Rope Work

Our latest job was taking out two Ash trees in a backyard. Here is a photo taken when we arrived at the job:

Job site overview

Pretty simple? Well, look around! See the iron fence along the back of the yard? See the swimming pool right next to the large tree? See the nice flagstone patio?  (there is an elevated portion you can’t see in the photo that would have made getting the lift in here very difficult) There are a lot of targets!

The small tree that Patrick is working on was easy. He cleared the gravel from around the base of the tree, cut off some of the lowest limbs, and then cut it down. It was in the trailer while Jerome and I were still getting out the rest of the gear to rig the larger tree!

The larger tree had been topped at one point in the past which basically ruins its structural integrity. Do you see the point about 2/3 of the way to the top of the tree where the larger branches suddenly split into a bunch of little branches? That is where these branches were indiscriminately cut off (topped) in the past. All the new growth are just suckers – they are weakly attached to material that is rotting! At some point in the future they will get heavy enough to start breaking off. The tree was also right next to the pool and was dropping debris, causing trouble with the filter system. Because of these factors the decision was made to take it out.

We would need to cut it down in pieces and lower the pieces with our ropes. I got some pictures of the process so you can see how we use the ropes to control things! The first piece of equipment is a Portawrap. We secure this to the base of the tree with a large sling and use it to put  friction on the rope so one person can hold a piece of wood in the air that weighs hundreds of pounds! In the photo below, we have 2 wraps and have tied off the rope (the loop around the post on the right) for the time being. More wraps gives more friction. Most of the pieces on this tree were pretty light so we only used one or two wraps for lowering. We only tie off the rope when we need to stop for a while to cut up a piece we have just lowered (before we get it all the way to the ground) or to move things out of the way.


The second piece of equipment is an arborist’s block (pulley) which we tie up into the top of the tree. The rope goes from the Portawrap up through this pulley and then to the piece of wood we want to lower. Here is a shot of the pulley and rope tied off to a branch. Actually we used an old topping-cut-stub to loop the sling over, usually we use a “cow-hitch” or “timber-hitch” knot. We have this branch “tip-tied” so that the top will stay up and the bottom will go down when it is cut. When we “butt-tie” a branch, the top falls down and the bottom stays where it is (so the branch flips over). Most of the branches on this tree we tried to “tip-tie” but had a hard time getting them tied off high enough to make the piece fall right. Because of this, we also tied the bottom of the branch to the tree with another rope for extra control.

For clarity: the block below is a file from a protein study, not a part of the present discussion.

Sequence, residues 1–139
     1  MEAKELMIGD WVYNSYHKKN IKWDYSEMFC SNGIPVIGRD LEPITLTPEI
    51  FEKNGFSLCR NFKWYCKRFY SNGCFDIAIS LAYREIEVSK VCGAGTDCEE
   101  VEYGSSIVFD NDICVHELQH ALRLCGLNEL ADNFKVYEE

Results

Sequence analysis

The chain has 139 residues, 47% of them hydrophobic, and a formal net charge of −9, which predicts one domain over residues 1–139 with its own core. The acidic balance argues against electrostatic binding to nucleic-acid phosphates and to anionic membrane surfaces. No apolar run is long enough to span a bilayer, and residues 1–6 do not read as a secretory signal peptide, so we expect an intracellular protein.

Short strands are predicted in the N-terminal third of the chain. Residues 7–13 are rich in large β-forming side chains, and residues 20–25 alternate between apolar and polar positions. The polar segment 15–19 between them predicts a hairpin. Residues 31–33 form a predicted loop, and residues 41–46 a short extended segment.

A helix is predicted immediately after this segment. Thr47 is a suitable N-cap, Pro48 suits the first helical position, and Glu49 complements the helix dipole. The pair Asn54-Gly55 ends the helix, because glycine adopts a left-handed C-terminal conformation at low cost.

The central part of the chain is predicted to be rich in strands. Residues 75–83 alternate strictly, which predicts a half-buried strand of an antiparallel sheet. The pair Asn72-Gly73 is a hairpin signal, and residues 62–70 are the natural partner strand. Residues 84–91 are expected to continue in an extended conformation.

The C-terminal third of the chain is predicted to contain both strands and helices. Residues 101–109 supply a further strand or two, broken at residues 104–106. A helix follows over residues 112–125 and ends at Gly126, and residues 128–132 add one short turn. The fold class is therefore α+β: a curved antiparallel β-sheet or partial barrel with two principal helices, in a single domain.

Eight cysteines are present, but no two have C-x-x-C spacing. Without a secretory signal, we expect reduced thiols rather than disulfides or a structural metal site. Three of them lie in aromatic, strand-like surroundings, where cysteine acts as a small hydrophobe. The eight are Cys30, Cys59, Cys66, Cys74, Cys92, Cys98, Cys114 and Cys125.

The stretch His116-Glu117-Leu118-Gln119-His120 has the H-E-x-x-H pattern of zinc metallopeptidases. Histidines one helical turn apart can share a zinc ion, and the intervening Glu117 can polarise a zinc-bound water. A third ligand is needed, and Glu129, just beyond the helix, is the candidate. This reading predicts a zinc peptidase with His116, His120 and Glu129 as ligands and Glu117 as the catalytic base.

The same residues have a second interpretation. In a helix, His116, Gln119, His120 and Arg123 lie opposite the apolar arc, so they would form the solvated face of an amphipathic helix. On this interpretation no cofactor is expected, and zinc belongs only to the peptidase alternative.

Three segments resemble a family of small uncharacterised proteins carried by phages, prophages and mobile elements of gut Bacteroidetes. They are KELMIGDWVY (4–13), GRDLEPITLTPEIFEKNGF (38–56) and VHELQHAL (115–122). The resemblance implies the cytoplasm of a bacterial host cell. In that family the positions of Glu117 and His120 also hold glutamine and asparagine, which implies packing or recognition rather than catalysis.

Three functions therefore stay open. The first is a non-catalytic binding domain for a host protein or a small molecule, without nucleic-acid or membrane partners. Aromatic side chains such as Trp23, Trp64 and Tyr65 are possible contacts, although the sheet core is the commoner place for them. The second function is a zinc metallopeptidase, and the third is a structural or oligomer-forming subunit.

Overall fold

Arborist's Block

 Here is a picture of everything ready to make a cut:

More Equipment - the trash can is over a small palm tree and the buckets are over lights to protect them. We put the tarp over the pool to keep sawdust and twigs out.

Here is how the branch came to rest after I cut it with the pole saw.

Now we just need to lower it and cut it up. It often works well to cut pieces off the branch as it comes down (before laying it on the ground). This works especially well when there are a lot of “targets” in the yard.

Jerome and Patrick ready to lower the branch.

There is really little pull on the rope because of the Portawraps friction. One person can control things very well! The piece can be pulled away from the tree to a landing zone quite a ways away if you pull and lower in a coordinated way. Isn’t it a beautiful day?

This all works great while there is a place to put the arborists block, but how do we get down the last part of the trunk? It is fairly simple to move the pulley down the trunk a ways, run the rope through it and tie it off above the pulley. Then the trunk is cut off between the pulley and the tie-off point. The piece that is cut comes crashing down, but is caught by the rope and pulley before it hits the ground (or anything else!). That works fine until you get so low that the piece that is cut off will hit the ground before the rope comes tight. Where there is room, we just drop the last trunk section right onto the ground. Here we didn’t have that option although my men really wished we did! So, we got out the big step-ladder and started piecing out the trunk. We cut through the trunk from one side about half way through. Then cut from the other side about half way through, making sure that the two cuts overlapped across the diameter of the trunk but did not meet (one has to be higher than the other). Then the saw can be put away and the piece snapped off and carried down the ladder. It sounds easy, and is, except that the pieces weight a lot!

Almost the last piece!

We got the trunk cut off at close to ground level and then we were left with loading the logs, putting away the equipment and doing a LOT of cleanup – we made a pretty big mess but we know how to clean up after ourselves!